“We identified a number of important sector strategies to accelerate the diversification of Alberta’s economy,” Mr. Kenney said. “The oil and gas sector is a smaller segment of our economy today than it was 40 years ago, while other sectors like services and technology have continued to grow year after year.”

In the new year, the Innovation Employment Grant will provide funding for research and development spending at small and medium-sized businesses. The grants range from 8 per cent on expenditures and up to 20 per cent on increasing R&D spending. The province also committed $175-million to Alberta Enterprise Corp. (AEC) to help startups access venture capital.

Last fall, the UCP government’s first budget eliminated several tax credits introduced by the NDP, including the Alberta Investor Tax Credit, which provided a 30-per-cent rebate on equity capital invested for Alberta small businesses working in technology research, development or commercialization. It also dropped the Interactive Digital Media Tax Credit and Ottawa’s Scientific Research and Experimental Development Tax Credit.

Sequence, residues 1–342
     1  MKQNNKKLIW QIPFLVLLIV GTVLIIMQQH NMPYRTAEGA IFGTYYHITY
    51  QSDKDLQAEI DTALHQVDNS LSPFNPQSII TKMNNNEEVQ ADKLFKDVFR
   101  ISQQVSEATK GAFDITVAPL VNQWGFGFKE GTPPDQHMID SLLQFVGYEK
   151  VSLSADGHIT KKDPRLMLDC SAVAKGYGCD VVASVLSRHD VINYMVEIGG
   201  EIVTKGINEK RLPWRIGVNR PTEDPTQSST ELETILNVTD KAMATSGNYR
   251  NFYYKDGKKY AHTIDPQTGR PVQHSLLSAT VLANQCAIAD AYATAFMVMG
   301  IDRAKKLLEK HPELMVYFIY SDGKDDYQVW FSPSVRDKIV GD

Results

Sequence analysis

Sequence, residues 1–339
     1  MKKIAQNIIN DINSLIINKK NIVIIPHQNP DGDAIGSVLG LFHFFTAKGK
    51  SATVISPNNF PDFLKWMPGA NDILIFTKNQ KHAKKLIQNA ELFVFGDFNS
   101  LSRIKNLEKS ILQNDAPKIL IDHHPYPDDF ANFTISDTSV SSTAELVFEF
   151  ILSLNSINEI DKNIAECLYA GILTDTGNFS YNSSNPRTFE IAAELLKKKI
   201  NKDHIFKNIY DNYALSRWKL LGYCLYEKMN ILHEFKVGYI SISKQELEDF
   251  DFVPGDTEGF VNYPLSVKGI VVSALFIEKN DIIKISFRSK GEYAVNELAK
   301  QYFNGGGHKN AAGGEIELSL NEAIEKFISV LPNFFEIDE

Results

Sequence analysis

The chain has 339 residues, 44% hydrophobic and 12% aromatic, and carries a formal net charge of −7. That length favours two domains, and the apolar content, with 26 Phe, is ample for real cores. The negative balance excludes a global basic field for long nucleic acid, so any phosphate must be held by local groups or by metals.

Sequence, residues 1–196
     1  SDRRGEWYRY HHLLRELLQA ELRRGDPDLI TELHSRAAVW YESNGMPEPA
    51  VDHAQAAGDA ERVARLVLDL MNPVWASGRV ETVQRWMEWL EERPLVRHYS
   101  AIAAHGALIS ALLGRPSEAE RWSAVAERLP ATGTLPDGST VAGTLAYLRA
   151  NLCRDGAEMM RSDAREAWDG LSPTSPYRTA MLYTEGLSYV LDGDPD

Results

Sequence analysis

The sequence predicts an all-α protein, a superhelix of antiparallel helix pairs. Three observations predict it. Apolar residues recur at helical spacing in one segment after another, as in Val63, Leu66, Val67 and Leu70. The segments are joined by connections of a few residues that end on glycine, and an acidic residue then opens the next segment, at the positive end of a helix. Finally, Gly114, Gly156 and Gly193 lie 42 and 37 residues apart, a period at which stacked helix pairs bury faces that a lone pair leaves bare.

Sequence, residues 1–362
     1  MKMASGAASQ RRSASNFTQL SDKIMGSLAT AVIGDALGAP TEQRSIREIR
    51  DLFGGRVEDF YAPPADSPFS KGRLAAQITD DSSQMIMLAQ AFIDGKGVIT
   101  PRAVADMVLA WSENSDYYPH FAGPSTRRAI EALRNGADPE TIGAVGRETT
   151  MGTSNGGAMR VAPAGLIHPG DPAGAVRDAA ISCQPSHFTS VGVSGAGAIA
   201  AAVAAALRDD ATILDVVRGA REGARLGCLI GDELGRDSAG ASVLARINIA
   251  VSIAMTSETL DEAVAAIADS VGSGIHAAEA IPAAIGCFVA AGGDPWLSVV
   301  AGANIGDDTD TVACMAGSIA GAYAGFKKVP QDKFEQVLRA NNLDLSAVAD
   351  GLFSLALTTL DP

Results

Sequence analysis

The government estimated cutting those programs would save more than $400-million by 2022-23 and said it was focused on broad corporate income tax cuts rather than targeting specific sectors.

Story continues below advertisement

The province’s entrepreneur and investor community decried the government’s decision that offered no alternative support, and said a corporate tax cut is of little help for startups since it often takes several years to turn a profit.

In December, Alberta announced the creation of a working group mandated with finding alternatives to the tax credits. With the recent announcement, the startup sector has renewed hope the government will refocus on its startup sector along with other industries, said Sandi Gilbert, chair of the National Angel Capital Organization.